Regent's Park Mosque has a major interfaith department, which arranges visits from the Government, the civil service, representatives of other religions and thousands of British school children a year.
I watched as an interfaith group was brought in to meet the mosque's women's circle for a civilised exchange. But when the interfaith group wasn't there, the preacher attacked other faiths, and the very concept of interfaith dialogue.
One preacher said of Christians praying in a church: "What are these people doing in there, these things are so vile, what they say with their tongues is so vile and disgusting, it's an abomination." As for the concept of interfaith live-and-let-live: "This is false. It does not work. This concept is a lie, it is fake, and it is a farce."
Like many of the other women at the circle, I was soon invited to private sessions in houses around London, to "learn more" about Islam - or their version of Islam. Um Saleem was also at some of these sessions. Here, the women were given strict restrictions on their lives: it is reiterated that British Muslim women cannot travel far without a male guardian, cannot mix with men, and have to remain fully covered up at all times.
One woman in the audience queried the strict rulings that she cannot travel without a mahram - a male member of the family - escorting her. She asked: "Sister, if me and my husband, we can't go together, what do I do if I want to go?"
She was told she cannot travel by herself.
She asked again: "So what do I do?"
"You go with your husband," Um Saleem replied.
There were also restrictions on education or work opportunities. One woman, who works for the NHS, was told she should leave her job as it meant mixing with men and not wearing a full Islamic garment.
"You know that working in an environment that is not Islamic, working with thekuffaar, all this takes you away from the religion and hardens your heart and it would be lying to you if I say it's OK," Um Saleem explained.
Um Saleem also criticised Muslim women who integrate into society - a view that is counter to the aims of the Regent's Park Mosque.
"You see Muslims in every sphere of everyday life in this country, I see Muslims, it breaks my heart when I see them working in banks, short sleeves, tight scarf like this, make-up, being with the kuffaar all the time, even speaking their language," she said.
The director general of Regent's Park Mosque is Dr Ahmed Al Dubayan, a Saudi diplomat. He has denied to Dispatches that his mosque promotes the Saudi version of the faith, often called Wahhabism. And indeed, the imams in the main hall are Egyptian, and the sermons I heard from them were tolerant and moderate when you listen to them on Fridays.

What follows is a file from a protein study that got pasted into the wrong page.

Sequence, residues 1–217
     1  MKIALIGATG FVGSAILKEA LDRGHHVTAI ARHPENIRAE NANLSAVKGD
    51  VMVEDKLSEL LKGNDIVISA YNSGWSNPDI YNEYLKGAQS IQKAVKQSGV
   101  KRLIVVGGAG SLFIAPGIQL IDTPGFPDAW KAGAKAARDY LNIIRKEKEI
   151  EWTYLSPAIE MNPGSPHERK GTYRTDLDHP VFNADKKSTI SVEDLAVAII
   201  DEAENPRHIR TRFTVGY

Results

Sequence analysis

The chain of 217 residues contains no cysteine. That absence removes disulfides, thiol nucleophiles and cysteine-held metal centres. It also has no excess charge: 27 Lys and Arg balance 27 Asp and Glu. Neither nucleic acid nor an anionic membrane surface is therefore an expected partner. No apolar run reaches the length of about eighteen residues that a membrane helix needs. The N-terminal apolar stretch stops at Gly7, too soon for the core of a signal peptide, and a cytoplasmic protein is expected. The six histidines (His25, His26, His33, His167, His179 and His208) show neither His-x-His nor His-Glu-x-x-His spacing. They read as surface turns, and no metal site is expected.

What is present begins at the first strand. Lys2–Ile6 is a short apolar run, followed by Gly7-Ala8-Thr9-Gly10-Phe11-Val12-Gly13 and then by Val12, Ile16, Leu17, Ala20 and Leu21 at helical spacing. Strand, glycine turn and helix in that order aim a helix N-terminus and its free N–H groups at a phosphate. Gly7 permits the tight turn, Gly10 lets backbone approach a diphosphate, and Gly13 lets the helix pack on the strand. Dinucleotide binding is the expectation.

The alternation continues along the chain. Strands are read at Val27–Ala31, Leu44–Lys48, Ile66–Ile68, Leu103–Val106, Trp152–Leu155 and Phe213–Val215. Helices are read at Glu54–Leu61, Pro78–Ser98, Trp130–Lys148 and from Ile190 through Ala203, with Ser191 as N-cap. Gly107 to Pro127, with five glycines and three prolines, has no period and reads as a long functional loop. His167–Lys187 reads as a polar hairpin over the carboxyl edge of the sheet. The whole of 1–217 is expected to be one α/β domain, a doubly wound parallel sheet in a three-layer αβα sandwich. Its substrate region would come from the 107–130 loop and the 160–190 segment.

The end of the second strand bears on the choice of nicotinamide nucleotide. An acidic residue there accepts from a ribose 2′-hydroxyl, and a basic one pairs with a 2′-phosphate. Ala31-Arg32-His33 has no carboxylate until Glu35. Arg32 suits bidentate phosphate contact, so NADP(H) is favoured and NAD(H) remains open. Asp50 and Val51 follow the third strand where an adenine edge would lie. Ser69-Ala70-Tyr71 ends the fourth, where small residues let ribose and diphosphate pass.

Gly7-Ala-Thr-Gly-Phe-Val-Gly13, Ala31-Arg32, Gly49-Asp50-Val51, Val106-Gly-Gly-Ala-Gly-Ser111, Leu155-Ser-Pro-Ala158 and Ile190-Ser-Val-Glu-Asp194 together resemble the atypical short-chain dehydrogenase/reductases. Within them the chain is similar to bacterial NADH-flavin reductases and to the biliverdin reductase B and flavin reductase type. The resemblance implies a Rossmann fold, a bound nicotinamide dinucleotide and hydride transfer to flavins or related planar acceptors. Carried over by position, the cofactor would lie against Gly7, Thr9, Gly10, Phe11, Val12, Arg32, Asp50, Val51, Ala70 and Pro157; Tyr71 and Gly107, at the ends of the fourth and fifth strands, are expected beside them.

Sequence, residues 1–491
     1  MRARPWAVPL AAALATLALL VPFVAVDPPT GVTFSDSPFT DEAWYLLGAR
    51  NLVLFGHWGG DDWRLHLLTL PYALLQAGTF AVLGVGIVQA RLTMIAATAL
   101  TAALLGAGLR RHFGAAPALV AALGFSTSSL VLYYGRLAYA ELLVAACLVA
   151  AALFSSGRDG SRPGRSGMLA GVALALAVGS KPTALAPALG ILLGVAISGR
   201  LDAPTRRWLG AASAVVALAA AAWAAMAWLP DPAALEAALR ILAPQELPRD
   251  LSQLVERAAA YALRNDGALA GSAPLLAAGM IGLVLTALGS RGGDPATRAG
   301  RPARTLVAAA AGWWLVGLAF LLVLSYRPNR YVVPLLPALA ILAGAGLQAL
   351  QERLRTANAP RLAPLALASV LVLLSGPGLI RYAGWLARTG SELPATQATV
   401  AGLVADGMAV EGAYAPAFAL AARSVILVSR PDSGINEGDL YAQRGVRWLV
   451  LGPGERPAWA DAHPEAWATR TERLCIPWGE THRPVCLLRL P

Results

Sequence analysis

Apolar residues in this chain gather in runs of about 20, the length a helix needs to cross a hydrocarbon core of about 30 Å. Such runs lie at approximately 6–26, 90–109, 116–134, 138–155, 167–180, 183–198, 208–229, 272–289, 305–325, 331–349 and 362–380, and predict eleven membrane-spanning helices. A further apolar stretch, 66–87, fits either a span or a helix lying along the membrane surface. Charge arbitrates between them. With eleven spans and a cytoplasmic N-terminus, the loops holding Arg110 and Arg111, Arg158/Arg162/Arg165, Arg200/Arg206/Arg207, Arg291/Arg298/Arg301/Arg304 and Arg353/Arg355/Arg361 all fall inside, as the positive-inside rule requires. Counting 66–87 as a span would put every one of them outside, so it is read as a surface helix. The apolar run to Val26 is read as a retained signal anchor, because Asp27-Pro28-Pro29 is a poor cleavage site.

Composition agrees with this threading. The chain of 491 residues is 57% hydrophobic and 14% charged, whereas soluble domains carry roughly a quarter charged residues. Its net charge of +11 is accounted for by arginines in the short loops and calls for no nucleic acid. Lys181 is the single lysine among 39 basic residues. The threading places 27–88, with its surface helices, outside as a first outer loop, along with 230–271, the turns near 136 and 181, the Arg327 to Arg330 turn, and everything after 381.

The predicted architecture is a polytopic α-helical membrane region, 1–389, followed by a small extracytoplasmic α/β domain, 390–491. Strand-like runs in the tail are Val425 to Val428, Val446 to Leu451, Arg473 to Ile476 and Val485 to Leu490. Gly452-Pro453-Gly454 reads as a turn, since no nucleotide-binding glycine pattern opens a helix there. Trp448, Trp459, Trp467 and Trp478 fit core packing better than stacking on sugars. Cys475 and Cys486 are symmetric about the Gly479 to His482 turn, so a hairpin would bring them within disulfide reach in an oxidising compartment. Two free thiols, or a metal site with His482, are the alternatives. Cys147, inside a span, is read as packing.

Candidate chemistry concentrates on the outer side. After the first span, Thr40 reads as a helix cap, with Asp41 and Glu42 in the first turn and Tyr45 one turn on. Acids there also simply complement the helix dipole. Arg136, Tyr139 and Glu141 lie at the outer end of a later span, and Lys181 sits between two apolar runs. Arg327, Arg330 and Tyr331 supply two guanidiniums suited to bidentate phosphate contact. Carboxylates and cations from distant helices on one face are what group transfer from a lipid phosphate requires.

But the preachers I heard in the women's section took their theology directly from Saudi Arabia. One of them had recently returned from three years of study in Saudi Arabia, and the other preachers almost exclusively directed me to the works, sermons, fatwas and online sites of the scholars of the Saudi Arabian religious establishment and their adherents.
Confronted with these female preachers' comments, Dr Al Dubayan insisted that the views did not reflect those of the Regent's Park Mosque, and that Um Saleem was not an authorised teacher. "The ICC [the London Central Mosque and Islamic Cultural Centre, most commonly referred to as the Regent's Park Mosque] is committed to interfaith and cross-cultural understanding," he said. "It does not support or condone extreme views, racial hatred, violence or intolerance."
He said one of the preachers we filmed was unknown to him. Another, Um Saleem, had requested permission to be an authorised teacher at the mosque, but had been refused, as she did not supply references and written information about her teachings and views. Until I contacted him, both he and the mosque had not known of her teachings and views.
Um Saleem later told me that her comments that Muslims could not take British citizenship were "erroneous" and indeed apologised for them. As for comments that Muslims cannot live in a non-Muslim country, she agreed that the language used was "inappropriate". She continued: "Whilst it is recommended for a Muslim to migrate to a Muslim country, it is not obligatory."